The botched recall is particularly embarrassing for the government after President Emmanuel Macron pushed food exports during a state visit to China this week.
Some 18 babies were hospitalized late previous year over the contaminated products, though they all recovered.
Privately-held Lactalis, which has annual sales of around 17 billion euros ($20 billion), has addressed the salmonella contamination by halting operations at the factory where it started.
More than 1,000 products were sold after the recall, according to the markets.
Le Maire said initial checks showed recalled products had remained on sale at 91 sites in France, but there were no indications so far that potentially contaminated products had been exported.
Seeking to mitigate any damage, Le Maire said the blame laid squarely on the shoulders of Lactalis, one of the world's largest dairies, and retailers after two recalls were issued for infant formula and other products.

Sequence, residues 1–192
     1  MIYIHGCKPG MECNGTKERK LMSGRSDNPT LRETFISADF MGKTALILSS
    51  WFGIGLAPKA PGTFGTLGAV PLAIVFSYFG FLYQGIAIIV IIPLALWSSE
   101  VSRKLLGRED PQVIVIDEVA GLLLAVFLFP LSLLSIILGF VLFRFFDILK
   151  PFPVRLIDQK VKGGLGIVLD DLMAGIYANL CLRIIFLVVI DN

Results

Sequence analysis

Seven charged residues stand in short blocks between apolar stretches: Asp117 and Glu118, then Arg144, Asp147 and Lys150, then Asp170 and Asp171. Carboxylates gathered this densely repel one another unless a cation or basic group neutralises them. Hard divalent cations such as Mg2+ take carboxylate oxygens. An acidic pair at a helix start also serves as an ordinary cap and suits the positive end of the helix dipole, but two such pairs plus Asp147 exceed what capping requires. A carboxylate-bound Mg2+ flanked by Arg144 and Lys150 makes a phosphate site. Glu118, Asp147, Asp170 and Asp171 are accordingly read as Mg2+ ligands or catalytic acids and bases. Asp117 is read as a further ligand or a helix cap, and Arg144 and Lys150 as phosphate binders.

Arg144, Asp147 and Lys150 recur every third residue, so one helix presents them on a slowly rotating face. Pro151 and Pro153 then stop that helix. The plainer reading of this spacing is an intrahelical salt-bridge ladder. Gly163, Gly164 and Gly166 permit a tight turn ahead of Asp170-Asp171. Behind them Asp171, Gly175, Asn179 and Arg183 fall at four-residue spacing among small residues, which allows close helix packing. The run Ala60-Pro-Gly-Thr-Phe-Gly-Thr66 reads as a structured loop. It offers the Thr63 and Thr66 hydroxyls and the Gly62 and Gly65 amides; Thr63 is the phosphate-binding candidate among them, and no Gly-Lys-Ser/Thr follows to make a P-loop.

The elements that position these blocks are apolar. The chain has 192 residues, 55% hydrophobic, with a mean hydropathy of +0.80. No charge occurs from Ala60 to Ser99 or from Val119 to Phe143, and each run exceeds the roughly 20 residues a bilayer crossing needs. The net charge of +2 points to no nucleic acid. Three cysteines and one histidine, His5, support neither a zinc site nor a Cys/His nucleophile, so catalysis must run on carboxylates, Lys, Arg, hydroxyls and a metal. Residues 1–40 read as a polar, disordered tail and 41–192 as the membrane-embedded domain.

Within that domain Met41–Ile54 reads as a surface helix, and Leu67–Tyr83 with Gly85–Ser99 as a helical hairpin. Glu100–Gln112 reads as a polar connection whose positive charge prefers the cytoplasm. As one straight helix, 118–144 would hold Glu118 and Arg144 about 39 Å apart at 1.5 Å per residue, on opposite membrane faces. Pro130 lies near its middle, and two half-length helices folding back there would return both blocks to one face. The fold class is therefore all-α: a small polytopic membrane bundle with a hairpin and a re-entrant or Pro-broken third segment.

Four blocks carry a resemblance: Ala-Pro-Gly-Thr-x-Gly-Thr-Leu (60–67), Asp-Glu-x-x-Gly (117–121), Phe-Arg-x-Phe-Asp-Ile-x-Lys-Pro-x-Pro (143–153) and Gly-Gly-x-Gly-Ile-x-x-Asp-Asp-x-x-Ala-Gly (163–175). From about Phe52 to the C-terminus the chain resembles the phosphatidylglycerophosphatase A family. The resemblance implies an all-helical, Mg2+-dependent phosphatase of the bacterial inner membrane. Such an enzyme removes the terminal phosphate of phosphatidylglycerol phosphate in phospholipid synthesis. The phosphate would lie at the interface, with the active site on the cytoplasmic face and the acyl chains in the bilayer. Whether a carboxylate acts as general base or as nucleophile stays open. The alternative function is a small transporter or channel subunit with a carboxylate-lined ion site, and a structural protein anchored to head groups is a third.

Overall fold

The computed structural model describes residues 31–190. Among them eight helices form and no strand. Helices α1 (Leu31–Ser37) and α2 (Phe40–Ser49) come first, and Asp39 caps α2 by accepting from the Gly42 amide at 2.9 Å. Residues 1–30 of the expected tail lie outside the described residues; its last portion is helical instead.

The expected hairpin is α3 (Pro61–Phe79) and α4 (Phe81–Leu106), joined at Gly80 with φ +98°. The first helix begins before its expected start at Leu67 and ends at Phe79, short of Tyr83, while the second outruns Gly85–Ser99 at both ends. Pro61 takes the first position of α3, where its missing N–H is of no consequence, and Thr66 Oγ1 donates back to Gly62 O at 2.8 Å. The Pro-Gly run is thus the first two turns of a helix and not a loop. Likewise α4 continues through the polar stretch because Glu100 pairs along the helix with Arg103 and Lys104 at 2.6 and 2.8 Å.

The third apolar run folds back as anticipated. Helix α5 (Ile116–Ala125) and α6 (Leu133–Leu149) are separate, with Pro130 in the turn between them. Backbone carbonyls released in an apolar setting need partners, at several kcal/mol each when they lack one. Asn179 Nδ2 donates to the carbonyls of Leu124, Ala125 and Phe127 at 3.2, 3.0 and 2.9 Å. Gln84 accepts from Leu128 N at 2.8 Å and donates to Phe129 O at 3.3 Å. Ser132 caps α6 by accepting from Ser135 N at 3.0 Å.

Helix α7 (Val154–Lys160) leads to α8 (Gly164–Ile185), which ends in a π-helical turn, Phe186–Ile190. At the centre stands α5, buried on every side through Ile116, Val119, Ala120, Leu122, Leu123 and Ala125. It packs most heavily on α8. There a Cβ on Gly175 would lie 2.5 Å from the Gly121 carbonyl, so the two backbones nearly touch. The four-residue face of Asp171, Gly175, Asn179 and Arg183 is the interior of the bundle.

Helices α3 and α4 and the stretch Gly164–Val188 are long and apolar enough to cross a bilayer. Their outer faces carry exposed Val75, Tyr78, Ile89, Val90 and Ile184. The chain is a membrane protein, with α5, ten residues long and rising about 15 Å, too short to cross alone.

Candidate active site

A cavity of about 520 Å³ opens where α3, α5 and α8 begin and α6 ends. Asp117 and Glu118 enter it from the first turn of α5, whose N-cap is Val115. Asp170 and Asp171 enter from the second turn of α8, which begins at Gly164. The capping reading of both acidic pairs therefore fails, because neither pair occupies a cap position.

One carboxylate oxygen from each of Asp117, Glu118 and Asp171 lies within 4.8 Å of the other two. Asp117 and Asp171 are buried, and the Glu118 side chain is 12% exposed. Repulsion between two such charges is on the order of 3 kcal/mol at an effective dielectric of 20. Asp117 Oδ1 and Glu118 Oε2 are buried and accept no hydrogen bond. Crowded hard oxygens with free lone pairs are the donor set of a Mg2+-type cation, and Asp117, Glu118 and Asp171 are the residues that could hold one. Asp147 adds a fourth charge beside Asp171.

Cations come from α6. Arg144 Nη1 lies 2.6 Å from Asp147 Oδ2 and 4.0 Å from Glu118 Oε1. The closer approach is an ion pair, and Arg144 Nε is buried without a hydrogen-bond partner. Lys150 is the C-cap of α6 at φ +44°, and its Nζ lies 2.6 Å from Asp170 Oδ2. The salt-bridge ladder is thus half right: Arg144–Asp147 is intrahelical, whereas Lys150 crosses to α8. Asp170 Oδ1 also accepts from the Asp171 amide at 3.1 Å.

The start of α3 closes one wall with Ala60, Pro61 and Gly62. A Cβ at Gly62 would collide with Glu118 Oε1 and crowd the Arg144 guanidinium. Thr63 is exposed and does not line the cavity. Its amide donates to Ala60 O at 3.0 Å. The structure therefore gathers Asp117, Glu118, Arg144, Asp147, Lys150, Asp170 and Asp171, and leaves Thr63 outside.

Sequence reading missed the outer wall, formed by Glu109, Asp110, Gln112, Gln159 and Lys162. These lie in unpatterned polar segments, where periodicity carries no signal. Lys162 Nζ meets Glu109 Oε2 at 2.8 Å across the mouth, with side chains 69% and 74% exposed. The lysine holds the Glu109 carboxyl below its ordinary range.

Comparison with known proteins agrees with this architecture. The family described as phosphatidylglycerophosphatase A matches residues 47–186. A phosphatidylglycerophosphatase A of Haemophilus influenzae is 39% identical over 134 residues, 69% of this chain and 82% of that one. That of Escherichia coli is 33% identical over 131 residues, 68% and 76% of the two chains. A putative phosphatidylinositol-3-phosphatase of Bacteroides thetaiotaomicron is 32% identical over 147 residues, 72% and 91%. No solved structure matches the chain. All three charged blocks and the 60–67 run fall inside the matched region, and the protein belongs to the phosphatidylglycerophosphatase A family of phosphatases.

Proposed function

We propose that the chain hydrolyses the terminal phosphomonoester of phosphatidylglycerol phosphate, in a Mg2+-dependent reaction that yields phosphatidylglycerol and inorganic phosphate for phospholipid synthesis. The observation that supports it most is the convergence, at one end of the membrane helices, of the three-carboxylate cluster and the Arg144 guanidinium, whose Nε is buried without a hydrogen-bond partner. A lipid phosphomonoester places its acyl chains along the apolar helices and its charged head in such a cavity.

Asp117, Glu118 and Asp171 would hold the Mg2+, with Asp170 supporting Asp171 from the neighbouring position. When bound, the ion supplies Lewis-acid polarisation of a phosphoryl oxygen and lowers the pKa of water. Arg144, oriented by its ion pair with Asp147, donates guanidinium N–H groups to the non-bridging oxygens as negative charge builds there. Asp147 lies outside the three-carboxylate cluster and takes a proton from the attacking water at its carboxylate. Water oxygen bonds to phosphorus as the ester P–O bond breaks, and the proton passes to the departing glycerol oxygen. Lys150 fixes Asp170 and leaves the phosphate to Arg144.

The market chains that sold Lactalis products despite general recall included Intermarche, Auchan, Cora, Carrefour, Super U, Hyper U and E. Leclerc.
The company took internal recall procedures which led to the removal and destruction of more than 36,000 products but said the 52 products had "escaped the vigilance" of its teams.
The announcement came as economy minister Bruno Le Maire said Lactalis would have to extend its product recall to all milk products at the affected production site.
At a news conference on Thursday, Lactalis apologized and pledged to do its utmost to determine the cause of the problem.
A judicial investigation is taking place in France over the contamination and a group of French parents of affected infants said on Friday that they were considering a joint lawsuit.